Some of Jacky Cortes's most poignant childhood memories growing up in Mission Hill include frantic trips to Children's Hospital Boston.
All too frequently, her mother, Maria, would come home from work and rush Cortes, coughing and wheezing from an asthma flare-up, to Children's Emergency Department. Cortes remembers how the crying children and the sights and sounds of medical equipment frightened her. "The nebulizer treatments were scary," Cortes says of the medical device that emits a fine mist that a child inhales to help open the airways. "But the nurses always stood out. I remember their smiles and how they talked me through my breathing."
It was then that Cortes first had the dream of becoming a pediatric nurse to help children and their families manage asthma and other pulmonary diseases. Her dream came true in 1994, when she graduated from Boston College with a degree in Nursing and soon after joined Children's as one of the hospital's few Latina RNs.
Cortes has worked as a nurse here ever since, first on the school-age medical floor and today in the Pulmonary Clinic, where she cares for patients suffering from asthma, tuberculosis, cystic fibrosis, pneumonia and other pulmonary diseases. "Now, I see myself when I see my patients, because I was one of them. I remember how it felt to have trouble breathing, and I say to myself, ĺ─˛I'm going to get these children better.'"
While Cortes can put smiles on children's faces with ease, her road to Children's was anything but easy.
Growing up in the housing projects of Mission Hill during the crime-ridden 1980s, Cortes and her family were exposed to gangs, violence and illegal drugs on a daily basis. She attributes the fact that she didn't get involved in those things to her parents, Ramon and Maria, both of whom are of Puerto Rican descent. "Their discipline and dedication brought us to where we are today," Cortes says of herself and her siblings. "They taught us to make the right choices and showed us what could happen if we headed in the wrong direction."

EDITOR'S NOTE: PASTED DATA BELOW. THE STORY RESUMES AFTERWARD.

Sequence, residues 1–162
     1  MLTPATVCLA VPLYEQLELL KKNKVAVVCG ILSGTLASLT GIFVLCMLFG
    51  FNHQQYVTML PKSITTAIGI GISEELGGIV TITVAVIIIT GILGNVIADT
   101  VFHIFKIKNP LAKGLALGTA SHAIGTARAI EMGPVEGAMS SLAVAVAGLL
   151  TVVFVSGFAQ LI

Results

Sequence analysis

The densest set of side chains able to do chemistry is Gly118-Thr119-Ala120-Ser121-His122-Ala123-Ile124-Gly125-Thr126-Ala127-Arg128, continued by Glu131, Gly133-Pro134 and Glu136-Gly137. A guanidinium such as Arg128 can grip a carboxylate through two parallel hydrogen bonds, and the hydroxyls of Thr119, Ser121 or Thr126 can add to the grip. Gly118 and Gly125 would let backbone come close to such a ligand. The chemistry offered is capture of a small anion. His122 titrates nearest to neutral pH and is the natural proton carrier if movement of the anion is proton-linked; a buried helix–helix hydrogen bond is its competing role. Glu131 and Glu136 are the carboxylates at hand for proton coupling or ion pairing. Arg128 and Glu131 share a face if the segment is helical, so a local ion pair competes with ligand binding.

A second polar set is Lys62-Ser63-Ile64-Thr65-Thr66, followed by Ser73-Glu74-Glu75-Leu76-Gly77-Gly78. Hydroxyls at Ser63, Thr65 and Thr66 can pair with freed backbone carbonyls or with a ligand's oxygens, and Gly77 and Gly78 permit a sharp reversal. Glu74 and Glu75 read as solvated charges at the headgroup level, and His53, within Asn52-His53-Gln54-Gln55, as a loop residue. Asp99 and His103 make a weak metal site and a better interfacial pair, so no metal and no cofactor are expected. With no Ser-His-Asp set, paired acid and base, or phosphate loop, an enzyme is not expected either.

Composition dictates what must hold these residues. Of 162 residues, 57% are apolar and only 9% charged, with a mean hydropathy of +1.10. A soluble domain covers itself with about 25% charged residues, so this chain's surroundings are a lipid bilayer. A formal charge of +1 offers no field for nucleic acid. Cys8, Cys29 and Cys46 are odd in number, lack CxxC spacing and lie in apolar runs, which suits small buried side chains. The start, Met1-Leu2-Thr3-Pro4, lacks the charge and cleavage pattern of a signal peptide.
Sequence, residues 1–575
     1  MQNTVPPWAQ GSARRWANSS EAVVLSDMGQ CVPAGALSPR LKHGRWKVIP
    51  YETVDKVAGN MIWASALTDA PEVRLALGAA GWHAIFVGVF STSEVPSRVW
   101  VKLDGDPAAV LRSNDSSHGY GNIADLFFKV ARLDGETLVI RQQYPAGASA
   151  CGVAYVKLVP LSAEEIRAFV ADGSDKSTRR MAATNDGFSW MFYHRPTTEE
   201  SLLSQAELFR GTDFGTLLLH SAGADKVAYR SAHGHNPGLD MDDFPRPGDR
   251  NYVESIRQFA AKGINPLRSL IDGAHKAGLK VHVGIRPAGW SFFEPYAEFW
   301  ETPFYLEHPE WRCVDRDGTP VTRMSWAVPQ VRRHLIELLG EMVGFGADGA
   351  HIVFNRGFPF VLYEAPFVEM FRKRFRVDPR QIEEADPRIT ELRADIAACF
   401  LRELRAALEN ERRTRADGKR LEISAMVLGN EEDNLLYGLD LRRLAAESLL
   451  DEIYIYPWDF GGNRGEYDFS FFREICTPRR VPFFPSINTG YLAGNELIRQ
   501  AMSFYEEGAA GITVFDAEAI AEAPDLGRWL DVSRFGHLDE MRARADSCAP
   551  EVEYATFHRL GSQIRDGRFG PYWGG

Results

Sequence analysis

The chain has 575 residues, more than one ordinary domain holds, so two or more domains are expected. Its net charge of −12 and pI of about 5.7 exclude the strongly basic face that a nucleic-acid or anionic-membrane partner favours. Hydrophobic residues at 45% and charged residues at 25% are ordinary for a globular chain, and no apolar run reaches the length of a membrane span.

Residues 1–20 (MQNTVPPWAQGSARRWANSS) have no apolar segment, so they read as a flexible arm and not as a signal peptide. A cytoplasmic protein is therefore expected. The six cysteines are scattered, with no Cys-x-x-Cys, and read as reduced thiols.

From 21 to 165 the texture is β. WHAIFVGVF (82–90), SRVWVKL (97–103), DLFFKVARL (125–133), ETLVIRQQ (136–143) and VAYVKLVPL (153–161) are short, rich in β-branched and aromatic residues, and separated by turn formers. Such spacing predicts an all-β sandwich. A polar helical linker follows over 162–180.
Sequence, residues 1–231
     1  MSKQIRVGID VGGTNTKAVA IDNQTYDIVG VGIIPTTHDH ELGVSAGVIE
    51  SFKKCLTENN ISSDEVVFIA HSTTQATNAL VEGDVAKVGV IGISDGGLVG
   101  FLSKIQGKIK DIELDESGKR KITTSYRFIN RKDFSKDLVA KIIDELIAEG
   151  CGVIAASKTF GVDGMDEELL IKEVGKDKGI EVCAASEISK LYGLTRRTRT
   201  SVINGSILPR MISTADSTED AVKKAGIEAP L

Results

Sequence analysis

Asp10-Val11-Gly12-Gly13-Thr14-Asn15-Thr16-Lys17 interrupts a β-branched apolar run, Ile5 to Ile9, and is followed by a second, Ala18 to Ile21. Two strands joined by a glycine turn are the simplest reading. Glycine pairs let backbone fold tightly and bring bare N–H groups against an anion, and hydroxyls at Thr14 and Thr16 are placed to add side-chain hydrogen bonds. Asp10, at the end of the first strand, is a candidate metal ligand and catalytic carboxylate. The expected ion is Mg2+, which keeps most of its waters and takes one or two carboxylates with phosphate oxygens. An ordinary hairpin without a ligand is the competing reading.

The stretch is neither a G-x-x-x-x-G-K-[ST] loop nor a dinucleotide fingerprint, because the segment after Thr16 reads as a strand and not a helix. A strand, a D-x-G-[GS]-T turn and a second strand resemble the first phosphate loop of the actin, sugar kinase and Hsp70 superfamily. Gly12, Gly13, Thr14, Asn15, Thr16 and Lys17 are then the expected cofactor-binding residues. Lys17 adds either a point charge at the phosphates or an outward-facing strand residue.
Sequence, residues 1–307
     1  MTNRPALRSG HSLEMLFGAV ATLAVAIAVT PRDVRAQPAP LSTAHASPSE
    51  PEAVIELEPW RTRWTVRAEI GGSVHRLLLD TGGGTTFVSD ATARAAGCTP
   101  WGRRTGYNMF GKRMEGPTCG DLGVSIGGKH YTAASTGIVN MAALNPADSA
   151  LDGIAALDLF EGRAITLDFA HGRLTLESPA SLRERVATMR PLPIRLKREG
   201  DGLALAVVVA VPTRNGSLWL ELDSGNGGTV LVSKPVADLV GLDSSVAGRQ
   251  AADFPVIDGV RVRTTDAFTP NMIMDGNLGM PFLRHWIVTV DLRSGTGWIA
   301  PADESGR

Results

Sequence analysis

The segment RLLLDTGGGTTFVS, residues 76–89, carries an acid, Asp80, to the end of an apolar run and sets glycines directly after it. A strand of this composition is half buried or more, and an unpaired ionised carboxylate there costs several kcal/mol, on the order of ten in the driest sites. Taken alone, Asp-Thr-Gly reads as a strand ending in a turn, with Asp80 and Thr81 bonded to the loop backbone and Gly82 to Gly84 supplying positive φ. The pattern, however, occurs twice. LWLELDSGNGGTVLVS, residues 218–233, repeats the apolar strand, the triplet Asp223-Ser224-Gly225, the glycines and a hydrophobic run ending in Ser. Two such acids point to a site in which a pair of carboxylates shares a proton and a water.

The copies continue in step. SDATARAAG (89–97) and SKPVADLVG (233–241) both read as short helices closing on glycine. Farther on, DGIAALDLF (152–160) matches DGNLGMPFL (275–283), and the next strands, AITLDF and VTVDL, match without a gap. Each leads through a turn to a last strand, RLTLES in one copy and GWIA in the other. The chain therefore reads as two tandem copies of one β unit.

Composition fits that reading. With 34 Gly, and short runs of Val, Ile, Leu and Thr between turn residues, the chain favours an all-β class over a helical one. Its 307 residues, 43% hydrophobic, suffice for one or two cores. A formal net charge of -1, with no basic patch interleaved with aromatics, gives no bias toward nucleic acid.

Despite how tired her parents were when they got home from work, their children's academics and health always came first. Ramon and Maria always made time to help them with their homework and, of course, to take young Cortes to Children's whenever necessary. Since her asthma made playing sports difficult, Cortes spent long hours reading books at the library instead, and she remembers being frequently teased by the neighborhood kids for her studious habits.
"There was a lot of negativity. People looked at my family and would say, ĺ─˛Those kids will be lucky if they make it out of high school, let alone college,'" she recalls. "The more I heard it, the harder I pushed myself—not to prove it to them, but to prove it to myself," she says. "I didn't want to be a statistic."
Instead of becoming a statistic, Cortes has become a role model—to her 2-year-old daughter, Jayline, to patients with asthma and their families, and to the local Latino community. "Never give up on what you want in life," she says. "If there's something nobody can take away from you, it's your faith in yourself. Hold onto that, and you'll be amazed how far you'll go."